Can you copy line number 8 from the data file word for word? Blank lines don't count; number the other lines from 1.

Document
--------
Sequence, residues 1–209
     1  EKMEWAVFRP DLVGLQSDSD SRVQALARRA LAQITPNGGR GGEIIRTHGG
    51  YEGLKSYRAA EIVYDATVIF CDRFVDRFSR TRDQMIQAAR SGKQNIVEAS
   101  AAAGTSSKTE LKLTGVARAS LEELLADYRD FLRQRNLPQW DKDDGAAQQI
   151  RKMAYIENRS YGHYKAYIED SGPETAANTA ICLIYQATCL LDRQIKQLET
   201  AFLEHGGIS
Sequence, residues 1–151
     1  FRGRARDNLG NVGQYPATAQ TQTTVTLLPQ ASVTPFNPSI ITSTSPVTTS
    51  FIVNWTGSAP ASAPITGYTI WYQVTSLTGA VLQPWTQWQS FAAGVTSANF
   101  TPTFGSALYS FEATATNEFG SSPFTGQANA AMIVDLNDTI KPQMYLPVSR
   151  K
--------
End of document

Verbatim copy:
     1  FRGRARDNLG NVGQYPATAQ TQTTVTLLPQ ASVTPFNPSI ITSTSPVTTS